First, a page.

One friend, Salimah Mahadevia, who works in refugee resettlement and integration in Washington D.C., said that, as a humanitarian aid worker, recent weeks had been “incredibly disheartening and emotionally taxing”. “The constant barrage of distressing images and heart-wrenching stories, along with the personal connections I have to friends and their families in Gaza, leaves me utterly exhausted,” she said. “Each day begins and ends with the weight of Gaza, leaving me in disbelief that such a humanitarian crisis persists.”
Women queuing for food in Gaza. Photo: @WFP
“As humanitarians, we know war, we know tragedy, we know trauma and violence and death. We know the worst things in the world.”
In addition to feeling frustrated at the blocking of aid and the inability to reach shattered colleagues, many aid workers know better than most what war is really like. They have horrifying images from other crises seared into their minds, offering a devastatingly vivid understanding of what is happening in Gaza right now. They’ve seen up-close what a hungry child looks like. They know what decaying bodies in a war zone smell like. What exploding bombs sound like. “This is what I keep telling people…who sit here in New York and say, ‘Why are you advocating for a ceasefire?’,” explained Arab-American global women’s rights expert, academic and aid worker, Lina AbiRafeh. “It is because we know war, we know tragedy, we know trauma and violence and death. We know the worst things in the world.”
Palestinians killed in an Israeli air strike in southern Gaza Strip, on October 24, 2023. Shutterstock: Anas Mohammed.
It also means this latest catastrophe can trigger past traumas. Aid workers are at significant risk of experiencing PTSD, depression, anxiety and other stress-related psychological health issues, because of what they witness and the threats they can experience to their own safety. In a survey of aid workers by the Guardian in 2015, around 80% of respondents had experienced a mental health issue and 90% of those said it was work-related. Non-profit and UN staff working on the Gaza conflict could face fresh mental health challenges in the future due to the distress, trauma and tremendous personal risk they endure. The horrific reports are also triggering pre-existing trauma in humanitarians not working directly on the conflict. (See other Hit the Iron Bell posts on this topic, here and here.)
Palestinians look for survivors after an Israeli airstrike in Rafah refugee camp, southern Gaza Strip, on October 12 2023. Shutterstock: Anas Mohammed.
Further, when more relief teams finally enter Gaza, they could include humanitarians who have come virtually directly from other crises. With so many overlapping, complex and long-running emergencies – from Sudan, Ethiopia and the Democratic Republic of the Congo to Yemen and Syria, and of course other countries like Ukraine – it can be a challenge for agencies to find enough good staff who are available to respond. And, despite some growing recognition of the need to better support aid workers’ psychological well-being, they still often simply get on with the job, ignoring their own exhaustion or deteriorating mental health. As one aid worker friend described it, you’re told on airplanes that you should put your own mask on first, in an emergency. But humanitarians can be so focused on everyone else’s oxygen, they don’t realise their own has run out.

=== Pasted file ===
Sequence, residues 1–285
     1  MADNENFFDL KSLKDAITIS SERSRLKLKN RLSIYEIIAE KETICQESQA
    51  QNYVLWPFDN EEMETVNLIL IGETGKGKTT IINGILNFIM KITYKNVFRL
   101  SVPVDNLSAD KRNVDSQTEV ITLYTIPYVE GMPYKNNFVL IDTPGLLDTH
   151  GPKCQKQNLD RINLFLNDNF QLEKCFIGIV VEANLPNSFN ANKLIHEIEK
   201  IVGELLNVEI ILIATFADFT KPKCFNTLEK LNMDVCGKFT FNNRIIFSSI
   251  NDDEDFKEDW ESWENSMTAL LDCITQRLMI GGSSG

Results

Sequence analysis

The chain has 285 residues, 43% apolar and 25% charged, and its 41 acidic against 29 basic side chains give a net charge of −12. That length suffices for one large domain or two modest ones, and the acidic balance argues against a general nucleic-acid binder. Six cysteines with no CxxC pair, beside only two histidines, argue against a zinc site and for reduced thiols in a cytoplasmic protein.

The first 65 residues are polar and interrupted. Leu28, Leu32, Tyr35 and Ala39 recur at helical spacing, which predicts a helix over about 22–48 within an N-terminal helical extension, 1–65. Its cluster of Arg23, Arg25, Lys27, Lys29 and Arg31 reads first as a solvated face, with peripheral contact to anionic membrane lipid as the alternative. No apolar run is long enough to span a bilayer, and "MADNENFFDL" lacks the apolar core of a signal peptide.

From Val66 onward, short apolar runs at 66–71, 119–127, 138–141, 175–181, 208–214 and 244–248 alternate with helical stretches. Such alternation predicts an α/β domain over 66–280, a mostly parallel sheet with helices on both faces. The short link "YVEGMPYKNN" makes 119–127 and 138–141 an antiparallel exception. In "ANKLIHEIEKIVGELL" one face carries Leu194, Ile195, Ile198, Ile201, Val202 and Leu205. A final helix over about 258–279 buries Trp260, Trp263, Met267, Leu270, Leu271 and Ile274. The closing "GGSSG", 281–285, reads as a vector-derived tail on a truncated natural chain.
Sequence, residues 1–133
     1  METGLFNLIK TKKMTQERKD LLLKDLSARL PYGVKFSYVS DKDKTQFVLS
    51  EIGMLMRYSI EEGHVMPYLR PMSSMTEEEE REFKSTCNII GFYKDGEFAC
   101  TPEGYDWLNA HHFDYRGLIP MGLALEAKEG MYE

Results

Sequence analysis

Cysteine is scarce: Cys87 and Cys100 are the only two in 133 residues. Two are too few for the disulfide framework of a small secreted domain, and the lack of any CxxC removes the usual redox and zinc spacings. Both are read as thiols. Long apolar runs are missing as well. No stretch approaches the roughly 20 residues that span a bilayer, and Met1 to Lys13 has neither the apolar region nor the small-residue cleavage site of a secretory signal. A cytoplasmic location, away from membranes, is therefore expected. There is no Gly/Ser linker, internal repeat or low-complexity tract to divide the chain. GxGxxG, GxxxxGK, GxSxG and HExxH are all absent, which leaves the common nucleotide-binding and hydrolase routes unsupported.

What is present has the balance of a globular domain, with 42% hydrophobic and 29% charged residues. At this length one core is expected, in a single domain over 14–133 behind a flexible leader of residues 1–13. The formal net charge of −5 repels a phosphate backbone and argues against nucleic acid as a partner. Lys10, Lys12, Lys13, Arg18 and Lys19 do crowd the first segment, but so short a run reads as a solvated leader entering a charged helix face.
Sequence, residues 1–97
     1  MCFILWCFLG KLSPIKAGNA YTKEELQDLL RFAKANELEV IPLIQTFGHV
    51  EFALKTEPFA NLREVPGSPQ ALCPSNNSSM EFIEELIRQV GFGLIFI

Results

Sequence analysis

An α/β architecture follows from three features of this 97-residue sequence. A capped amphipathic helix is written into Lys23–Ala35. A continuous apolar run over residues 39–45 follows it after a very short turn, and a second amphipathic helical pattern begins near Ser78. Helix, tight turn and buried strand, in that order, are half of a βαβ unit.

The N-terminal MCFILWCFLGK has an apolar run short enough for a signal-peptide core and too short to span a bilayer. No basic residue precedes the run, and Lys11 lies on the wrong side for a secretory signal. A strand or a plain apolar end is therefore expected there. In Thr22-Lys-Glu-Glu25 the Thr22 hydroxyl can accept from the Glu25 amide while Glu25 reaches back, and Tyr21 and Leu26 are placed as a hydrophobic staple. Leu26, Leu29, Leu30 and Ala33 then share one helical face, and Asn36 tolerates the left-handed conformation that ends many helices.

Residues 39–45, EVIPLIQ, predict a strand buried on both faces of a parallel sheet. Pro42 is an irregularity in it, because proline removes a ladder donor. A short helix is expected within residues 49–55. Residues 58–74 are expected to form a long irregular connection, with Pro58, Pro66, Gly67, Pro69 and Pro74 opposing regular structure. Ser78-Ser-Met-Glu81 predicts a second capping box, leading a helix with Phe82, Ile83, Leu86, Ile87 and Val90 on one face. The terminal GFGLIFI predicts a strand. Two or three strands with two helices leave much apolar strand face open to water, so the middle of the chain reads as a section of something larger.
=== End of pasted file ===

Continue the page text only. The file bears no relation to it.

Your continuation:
“[Humanitarians] are…a target as much as the populations we’re trying to serve.”
Next, there are few careers where you know you could be killed doing your job; aid work is one of them. At the very least, there are rules of war and laws and customs in place designed to offer some protection. According to International Humanitarian Law, humanitarian relief personnel must be “respected and protected”. Specific protection for United Nations personnel is also laid out in its own convention. Yet, at least 112 humanitarians have now been killed in Gaza. As one woman working in Gaza for Oxfam said, “[humanitarians] are…a target as much as the populations we’re trying to serve.”
A wreath in memory of UNRWA colleagues killed in the bombardment of Gaza. Photo: @UNRWA
Journalists who are not party to a conflict are also protected under international humanitarian law. In a heartbreaking live television cross, a journalist in Gaza, Salman al Bashir, broke down after his colleague, Mohammed Abu Hatab, was killed in an air strike on his home, along with ten family members. Al Bashir began removing his safety vest, marked ‘PRESS’, and his helmet, while the anchor in the studio cried. “We have no immunity at all – not for these [press] shields or these helmets,” he said, grief-stricken. “We are victims directly on live television. We wait our turn, one after the other.”
It’s agonising to see aid workers – and journalists – putting their lives on the line to do their jobs and to watch so many of them die. It’s also deeply unsettling to think that anything could erode the principle of protecting aid workers or normalise attacks on humanitarians.
As a humanitarian, you are already a “keeper of the world’s tragedies”. You can experience “activist fatigue…[and]…humanitarian depletion [as you] sit and watch the mess being made, over-and-over again.”
Finally, this crisis has exposed faultlines in the community that are deeper and closer to home than many of us thought and that feels ‘terrifying’, explains Lina AbiRafeh. As a humanitarian, you are already a “keeper of the world’s tragedies”, she says. You can experience “activist fatigue…[and]…humanitarian depletion [as you] sit and watch the mess being made, over-and-over again”. But the war in Gaza feels particularly bleak, she says, because it has been so polarising. “When did peace become controversial?” Lina asks. “When did any of those things become scandalous or dangerous or wrong or the subject of online bullying? I really don’t understand, I find the hostility around this terrifying.”
Distressed women and children during a bombardment of Gaza. Shutterstock: A-One Rawan.
“Inhale. This is too much to hold. Exhale. So, we hold it together.”
And so, my sadness has been set on fire and it burns my heart. I’ll let it; it’s not a fire I want to extinguish. Instead, I turn again to someone who is doing much better at finding the words needed right now: author Cole Arthur Riley, who runs the ‘Black Liturgies’ project, a ‘space that integrates spiritual practice with Black emotion’. In a recent Instagram post, she quoted the author James Baldwin, speaking about anger and despair. “I’ve been enraged by the world, but never despair,” he said. “I cannot afford despair…you can’t tell the children there is no hope.” Then Riley added the simple meditation, “Inhale. This is too much to hold. Exhale. So, we hold it together.”
Every day. Inhale. Exhale. Burn.
Smoke rises after Israeli air strikes in Rafah in the southern Gaza Strip, October 09, 2023. Shutterstock: Anas Mohammed.